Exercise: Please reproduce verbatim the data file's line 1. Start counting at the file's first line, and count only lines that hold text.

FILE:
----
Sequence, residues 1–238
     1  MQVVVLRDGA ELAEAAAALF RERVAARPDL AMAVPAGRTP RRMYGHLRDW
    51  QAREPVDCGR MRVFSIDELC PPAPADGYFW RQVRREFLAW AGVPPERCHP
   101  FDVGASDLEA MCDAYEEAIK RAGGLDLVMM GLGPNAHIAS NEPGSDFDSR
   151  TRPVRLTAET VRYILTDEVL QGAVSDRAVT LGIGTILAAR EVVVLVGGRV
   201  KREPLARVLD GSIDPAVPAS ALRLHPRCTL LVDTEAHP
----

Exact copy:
Sequence, residues 1–238